1. Add interactive services. New technology can keep physicians loyal to your healthcare organization, said Kathy Divis and John Eudes, president and executive vice president of Greystone.Net. One suggestion: Put interactive physician profiles on your Web site that include short video clips of the physicians introducing themselves and describing their philosophy of treatment. When a patient can see the doctor speak and watch his or her gestures and facial expressions, the physician seems much more human and approachable, making it easier for patients to make a decision.
Another idea: shoot short videos of specialists discussing hot medical topics. Set up an interview with an anesthesiologist to talk about the rarity of the phenomenon of patients who are aware of what's going on during their surgery, as depicted in the movie "Awake," for example. Embed the videos in online or e-mail press releases, helping to get more media attention for your physicians.
2. Give physicians what they want. "Don't assume that everyone knows how to use a computer," said Douglas Backous, medical director of the regional clinicians program at Virginia Mason Medical Center in Seattle, WA, at a session on physician referral and outreach. His department was thinking of discontinuing a physician newsletter, but the docs asked them not to give up on it--they loved the publication. "We really have built our program around what our physicians need," he said. And so the newsletter was saved.
3. Organize by location. Marketers should reach out to physicians by region, not service line, Backous said. That way, physicians don't get hit with visits from several different people from your organization in one week. "That's a good way to look like a drug rep," he said.
4. Customize your services. Backous also noted his organization is looking to do more online for the physicians in his vast region, which spans different time zones. One possibility under consideration is offering continuing medical education online and on demand. Physicians don't live and practice in Alaska so they can get up at 6 a.m. to earn their CME credits, he said.
5. Make docs the stars. It's not exactly a state secret that physicians, especially surgeons and other specialists, can have a bit of an ego. One way that you can play to that and engender loyalty is to include physicians in your advertising campaigns. That's what Florida Hospital in Maitland is doing, says C. Josef Goshen, vice president for strategic planning there.
The physicians were engaged and involved in creating the campaign, Goshen reports. And they were thrilled with the resulting ads. "I don't have to tell you what happened to their volumes," Goshen said. "No one had to work on them anymore after that."
So how does Goshen choose which physicians to feature without snubbing anyone or causing hard feelings? He doesn't. He leaves that up to a panel of physicians. They recruit volunteers and pick the participants. "I don't get involved," Goshen said. "It has to be a very collegial environment.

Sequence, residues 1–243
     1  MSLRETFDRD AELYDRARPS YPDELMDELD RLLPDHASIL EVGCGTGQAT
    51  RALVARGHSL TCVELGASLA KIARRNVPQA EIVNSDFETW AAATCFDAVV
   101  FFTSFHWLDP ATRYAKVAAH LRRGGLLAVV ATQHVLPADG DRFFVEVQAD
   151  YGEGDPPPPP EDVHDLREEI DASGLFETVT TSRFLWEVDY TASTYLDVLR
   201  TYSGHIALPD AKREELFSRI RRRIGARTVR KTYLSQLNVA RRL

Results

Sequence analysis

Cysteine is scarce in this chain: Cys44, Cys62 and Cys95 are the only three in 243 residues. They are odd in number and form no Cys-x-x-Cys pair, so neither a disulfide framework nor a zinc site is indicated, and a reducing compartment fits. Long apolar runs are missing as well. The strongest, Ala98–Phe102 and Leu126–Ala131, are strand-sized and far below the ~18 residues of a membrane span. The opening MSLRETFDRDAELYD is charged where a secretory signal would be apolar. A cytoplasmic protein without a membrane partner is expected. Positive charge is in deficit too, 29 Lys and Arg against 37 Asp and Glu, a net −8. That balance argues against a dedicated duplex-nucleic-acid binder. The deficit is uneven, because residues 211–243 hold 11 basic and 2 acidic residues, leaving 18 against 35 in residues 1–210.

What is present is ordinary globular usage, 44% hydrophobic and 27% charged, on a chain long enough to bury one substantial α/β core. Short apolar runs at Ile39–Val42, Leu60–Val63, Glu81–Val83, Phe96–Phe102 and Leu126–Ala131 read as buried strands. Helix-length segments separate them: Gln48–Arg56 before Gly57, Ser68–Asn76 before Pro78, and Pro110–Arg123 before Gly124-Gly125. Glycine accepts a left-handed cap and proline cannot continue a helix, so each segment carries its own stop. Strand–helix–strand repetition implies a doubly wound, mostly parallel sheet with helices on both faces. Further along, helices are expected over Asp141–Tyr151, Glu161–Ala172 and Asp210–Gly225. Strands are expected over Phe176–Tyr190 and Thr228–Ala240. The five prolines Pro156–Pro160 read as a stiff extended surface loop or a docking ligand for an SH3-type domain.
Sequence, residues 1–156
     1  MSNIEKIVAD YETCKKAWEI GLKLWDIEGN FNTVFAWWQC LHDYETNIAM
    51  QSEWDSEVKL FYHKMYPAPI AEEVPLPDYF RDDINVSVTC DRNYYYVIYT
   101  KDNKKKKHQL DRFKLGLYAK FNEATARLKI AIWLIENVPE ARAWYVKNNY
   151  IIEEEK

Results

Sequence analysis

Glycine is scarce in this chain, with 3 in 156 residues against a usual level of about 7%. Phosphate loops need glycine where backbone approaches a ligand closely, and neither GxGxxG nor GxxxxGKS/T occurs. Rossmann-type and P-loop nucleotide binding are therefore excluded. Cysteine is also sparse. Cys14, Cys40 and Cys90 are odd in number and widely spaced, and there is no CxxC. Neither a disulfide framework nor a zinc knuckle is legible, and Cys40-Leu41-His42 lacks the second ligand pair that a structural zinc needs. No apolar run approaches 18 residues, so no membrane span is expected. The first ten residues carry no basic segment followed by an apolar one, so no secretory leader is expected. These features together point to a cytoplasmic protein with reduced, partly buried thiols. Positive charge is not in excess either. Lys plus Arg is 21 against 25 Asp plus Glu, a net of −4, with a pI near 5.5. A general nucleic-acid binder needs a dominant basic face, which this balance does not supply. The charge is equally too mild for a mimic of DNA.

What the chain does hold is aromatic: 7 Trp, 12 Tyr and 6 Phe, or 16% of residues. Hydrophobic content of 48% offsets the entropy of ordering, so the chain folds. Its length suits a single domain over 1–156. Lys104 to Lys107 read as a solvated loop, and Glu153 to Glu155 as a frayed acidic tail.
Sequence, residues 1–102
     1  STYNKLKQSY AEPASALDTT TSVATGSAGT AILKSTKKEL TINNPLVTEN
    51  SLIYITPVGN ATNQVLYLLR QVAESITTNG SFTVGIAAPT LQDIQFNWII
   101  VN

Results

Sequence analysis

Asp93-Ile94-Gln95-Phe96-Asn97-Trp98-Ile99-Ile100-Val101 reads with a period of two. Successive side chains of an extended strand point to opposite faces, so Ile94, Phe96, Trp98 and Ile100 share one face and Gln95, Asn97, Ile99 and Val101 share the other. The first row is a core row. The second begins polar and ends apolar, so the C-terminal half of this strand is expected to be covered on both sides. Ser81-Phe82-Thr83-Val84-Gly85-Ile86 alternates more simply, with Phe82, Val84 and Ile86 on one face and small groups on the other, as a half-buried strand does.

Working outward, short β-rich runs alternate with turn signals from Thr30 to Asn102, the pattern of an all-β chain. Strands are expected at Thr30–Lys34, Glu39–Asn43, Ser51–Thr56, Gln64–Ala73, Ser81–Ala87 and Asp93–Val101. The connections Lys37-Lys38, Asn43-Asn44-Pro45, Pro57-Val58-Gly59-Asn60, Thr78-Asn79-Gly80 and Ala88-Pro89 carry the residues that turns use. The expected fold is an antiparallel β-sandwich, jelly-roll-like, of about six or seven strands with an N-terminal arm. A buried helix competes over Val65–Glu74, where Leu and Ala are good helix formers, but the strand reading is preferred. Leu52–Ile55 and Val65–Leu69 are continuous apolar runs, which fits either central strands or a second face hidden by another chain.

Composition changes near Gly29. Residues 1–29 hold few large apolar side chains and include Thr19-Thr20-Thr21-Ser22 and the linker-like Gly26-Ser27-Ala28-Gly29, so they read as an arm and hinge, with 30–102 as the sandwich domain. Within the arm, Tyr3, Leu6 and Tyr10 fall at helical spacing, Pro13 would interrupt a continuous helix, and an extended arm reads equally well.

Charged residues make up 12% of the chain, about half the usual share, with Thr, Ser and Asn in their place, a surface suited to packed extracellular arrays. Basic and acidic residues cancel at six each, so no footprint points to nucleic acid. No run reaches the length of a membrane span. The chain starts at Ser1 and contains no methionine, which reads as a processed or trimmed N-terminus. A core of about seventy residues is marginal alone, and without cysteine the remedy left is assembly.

6. Simplify the numbers. When you're reporting trends and results to senior leaders, they don't want to look at big, complicated spreadsheets crammed with data, said Sean Duffy, physician liaison at Geisinger Health System in Danville, PA. A simple chart or bar graph is much more effective. "And as long as it's going up, everything is great," he added.
7. Show up uninvited. When physician relations reps at McLeod Health System in Florence, SC, first began eating lunch in the doctor's lounge, the regulars there wondered why their space had been infiltrated. But Catherine Lee, McLeod's corporate chief of staff, announced that someone from her department would henceforth be joining the docs for lunch to make sure someone was always present to answer questions and address concerns. Plus, she told them, the food was better than in the cafeteria.
It took about two months, but eventually the doctors would notice if someone didn't show up--and sometimes even call to ask someone to come down. "It sounds like the simplest thing, but what we did was create a consistent presence," Lee said.
So it turns out you don't have to spend a ton of money to forge inroads with physicians. From playing to their egos to simply listening to what they want, you can improve relations, increase referrals, and engender loyalty. Have any physician relation tips you want to share with other readers of HealthLeaders Media Marketing Weekly? Send me an e-mail or leave a comment about it, below.
Gienna Shaw is an editor with HealthLeaders magazine. She can be reached at firstname.lastname@example.org.